In the age of climate crisis and the Anthropocene, ecocide (both “natural” and “human-made”) will become a primary driver of genocide.
– Martin Crook, Damien Short, and Nigel South (2018: 307)
While a legal definition has yet to be established and adopted (Higgins 2015; Short 2016; Zierler 2011), “ecocide” has probably acquired an everyday language connotation akin to that of “genocide.” If genocide invokes the destruction of human communities, ecocide invokes the destruction of ecological communities. Both terms suggest a process of violence with social causes and agents. In late modernity, at the end of the Holocene, social processes of ecocide and genocide have become knotted together. (Crook, Short & South 2018; Ray 2016, 2017; Short 2016) With reference to concepts re-inflected by anthropologist Anna Tsing and elaborated and constellated in this glossary, the concept of ecocide may be clarified further. Ecocide can be understood as the socially caused destruction of ecological assemblages. Destruction results from “disturbances” without local refugia or “resurgence.” (Tsing 2015, 2017) An oil spill or release of nuclear radiation, the clearing of forests for palm oil plantations or other industrial monoculture, the removal of mountain tops for coal extraction, or indeed global warming or the alteration of ocean pH due to the emission of carbon dioxide and other greenhouse gases: all these are examples of ecocidal or potentially ecocidal disturbances to ecological assemblages. The social agents and agencies involved in ecocidal social processes may be more or less identifiable – or obscured by distance in time or space, the impersonal character of economic activity on global scales, or longstanding customs and cultures of impunity. Disturbances are not necessarily destructive or harmful, but disturbances that foreclose on ecological resurgence tend toward ecocide. Disturbances that leave no refugia for multispecies resurgence cause ecocidal harms, including species extinction. Legal theorist and activist Polly Higgins (2015) argues that intent is not requisite, if ecocidal damage can be established. Discussing rights of nature law, another legal scholar concludes that even if a “catch-all environmental law” is largely unenforceable, it may be justified if it “projects a worldview” in which environmental protection is a societal goal. (Pietari 2016: 93) “Even if the law is violated without punishment, at least people will view the resulting harm through the negative lens of illegality. Furthermore, even a minute fear of punishment could incentivize avoidance of causing environmental harm.” (Ibid.) In the so-called Anthropocene, wildlife population declines and biodiversity losses have led eminent biologist Edward O. Wilson and others to speak of a socially caused Sixth Extinction. (Dawson 2016; Kolbert 2014; Wilson 2016) In 2017, the co-authors of a paper for the Proceedings of the National Academy of Sciences described a “biological annihilation” – a formulation that notably survived the journal’s peer-review process. (Ceballos, Erlich & Dirzo 2017) Scientists, too, are alarmed by the recent collapse of past wildlife abundance and are evaluating and debating the implications. (Briggs 2017; World Wildlife Fund 2016) Meanwhile, the actuality of ecocidal harms impresses itself more strongly on everyday awareness and local experience. Conceiving ecocide as destructive disturbance without adequate refuge or resurgence leaves open the problem of legal definition and enforcement. But the shift of focus, underscoring the need to foster “multispecies resurgence” and to protect, expand, and improvise refugia, could helpfully reorient this concept toward shareable “livability” in emerging futures. (Haraway 2016; Tsing 2015, 2017) (GR)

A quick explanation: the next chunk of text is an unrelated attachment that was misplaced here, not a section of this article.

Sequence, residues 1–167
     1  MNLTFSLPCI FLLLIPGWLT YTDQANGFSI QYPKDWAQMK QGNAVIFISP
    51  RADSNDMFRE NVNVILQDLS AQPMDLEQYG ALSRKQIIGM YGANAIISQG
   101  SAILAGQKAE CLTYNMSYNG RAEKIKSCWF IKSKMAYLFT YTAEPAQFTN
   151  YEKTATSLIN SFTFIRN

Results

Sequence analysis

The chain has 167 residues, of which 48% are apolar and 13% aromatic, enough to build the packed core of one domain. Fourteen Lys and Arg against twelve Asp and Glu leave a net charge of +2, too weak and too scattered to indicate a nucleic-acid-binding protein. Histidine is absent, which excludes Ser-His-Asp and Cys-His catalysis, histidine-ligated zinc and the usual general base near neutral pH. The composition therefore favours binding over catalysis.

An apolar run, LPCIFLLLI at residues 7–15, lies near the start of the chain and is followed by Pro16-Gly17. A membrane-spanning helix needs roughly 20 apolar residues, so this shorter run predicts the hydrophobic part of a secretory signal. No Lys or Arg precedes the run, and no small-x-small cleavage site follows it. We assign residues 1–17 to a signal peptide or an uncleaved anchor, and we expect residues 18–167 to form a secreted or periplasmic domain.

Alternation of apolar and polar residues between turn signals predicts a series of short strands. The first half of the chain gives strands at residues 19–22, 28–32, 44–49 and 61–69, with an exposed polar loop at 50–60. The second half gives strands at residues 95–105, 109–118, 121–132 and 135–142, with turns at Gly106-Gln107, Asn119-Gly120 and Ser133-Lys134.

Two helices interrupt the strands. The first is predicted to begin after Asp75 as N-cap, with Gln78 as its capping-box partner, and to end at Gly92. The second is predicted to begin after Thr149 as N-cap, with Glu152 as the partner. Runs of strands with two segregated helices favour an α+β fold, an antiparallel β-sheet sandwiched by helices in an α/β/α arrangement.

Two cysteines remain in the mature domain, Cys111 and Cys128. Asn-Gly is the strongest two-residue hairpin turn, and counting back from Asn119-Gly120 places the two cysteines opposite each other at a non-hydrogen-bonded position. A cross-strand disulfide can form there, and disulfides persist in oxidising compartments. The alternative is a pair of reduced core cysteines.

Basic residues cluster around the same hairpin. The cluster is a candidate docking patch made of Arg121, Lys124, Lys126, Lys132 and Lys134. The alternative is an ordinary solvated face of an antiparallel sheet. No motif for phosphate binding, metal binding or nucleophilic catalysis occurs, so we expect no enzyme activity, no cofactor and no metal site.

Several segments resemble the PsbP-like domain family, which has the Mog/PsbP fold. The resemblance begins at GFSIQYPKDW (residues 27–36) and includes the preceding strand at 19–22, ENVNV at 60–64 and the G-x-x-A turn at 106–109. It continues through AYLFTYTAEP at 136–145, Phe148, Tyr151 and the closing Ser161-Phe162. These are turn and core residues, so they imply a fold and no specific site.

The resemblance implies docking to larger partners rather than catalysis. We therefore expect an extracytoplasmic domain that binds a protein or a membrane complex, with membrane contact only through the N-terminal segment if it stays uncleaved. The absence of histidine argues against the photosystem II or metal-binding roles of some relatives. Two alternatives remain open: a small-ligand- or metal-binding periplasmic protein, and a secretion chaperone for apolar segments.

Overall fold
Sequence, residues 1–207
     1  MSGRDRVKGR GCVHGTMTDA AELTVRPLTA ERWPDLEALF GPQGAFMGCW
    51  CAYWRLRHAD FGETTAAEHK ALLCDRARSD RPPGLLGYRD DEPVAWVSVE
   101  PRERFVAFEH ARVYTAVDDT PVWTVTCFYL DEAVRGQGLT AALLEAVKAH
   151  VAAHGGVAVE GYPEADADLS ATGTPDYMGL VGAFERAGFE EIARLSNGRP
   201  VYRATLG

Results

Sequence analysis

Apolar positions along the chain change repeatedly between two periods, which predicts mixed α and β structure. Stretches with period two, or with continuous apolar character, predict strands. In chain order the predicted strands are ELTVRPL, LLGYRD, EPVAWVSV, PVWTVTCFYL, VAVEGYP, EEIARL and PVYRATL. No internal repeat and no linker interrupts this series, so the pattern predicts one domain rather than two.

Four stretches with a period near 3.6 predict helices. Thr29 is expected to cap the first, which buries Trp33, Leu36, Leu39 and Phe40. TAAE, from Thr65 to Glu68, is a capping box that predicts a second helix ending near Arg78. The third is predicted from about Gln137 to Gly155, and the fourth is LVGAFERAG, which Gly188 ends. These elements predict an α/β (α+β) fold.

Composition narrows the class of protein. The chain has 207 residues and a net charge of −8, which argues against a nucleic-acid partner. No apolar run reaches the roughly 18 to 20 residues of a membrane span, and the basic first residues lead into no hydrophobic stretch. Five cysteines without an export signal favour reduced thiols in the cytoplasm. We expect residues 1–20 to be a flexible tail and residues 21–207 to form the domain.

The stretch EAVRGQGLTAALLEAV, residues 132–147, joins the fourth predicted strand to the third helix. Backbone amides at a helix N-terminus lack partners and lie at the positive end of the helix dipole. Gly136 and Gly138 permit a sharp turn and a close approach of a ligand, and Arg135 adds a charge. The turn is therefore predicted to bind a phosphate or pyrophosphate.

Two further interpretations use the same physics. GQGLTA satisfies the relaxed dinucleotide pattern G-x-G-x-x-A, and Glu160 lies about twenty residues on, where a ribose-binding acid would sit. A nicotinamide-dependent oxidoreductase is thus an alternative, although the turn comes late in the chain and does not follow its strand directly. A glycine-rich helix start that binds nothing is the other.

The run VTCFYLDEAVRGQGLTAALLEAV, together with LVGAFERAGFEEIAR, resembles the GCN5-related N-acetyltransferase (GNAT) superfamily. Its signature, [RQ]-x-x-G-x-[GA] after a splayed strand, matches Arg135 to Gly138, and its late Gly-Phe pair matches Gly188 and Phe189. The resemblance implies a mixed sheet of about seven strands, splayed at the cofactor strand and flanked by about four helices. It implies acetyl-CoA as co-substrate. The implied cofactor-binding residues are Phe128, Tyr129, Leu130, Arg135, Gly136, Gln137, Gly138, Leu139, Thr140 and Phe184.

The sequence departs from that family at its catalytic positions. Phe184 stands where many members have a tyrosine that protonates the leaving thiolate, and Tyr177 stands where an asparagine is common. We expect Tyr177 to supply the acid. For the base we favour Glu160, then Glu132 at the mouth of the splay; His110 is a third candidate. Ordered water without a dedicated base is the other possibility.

Image: Chris Jordan, CF000478, from the series Midway: Message from the Gyre (2009). Courtesy of the artist.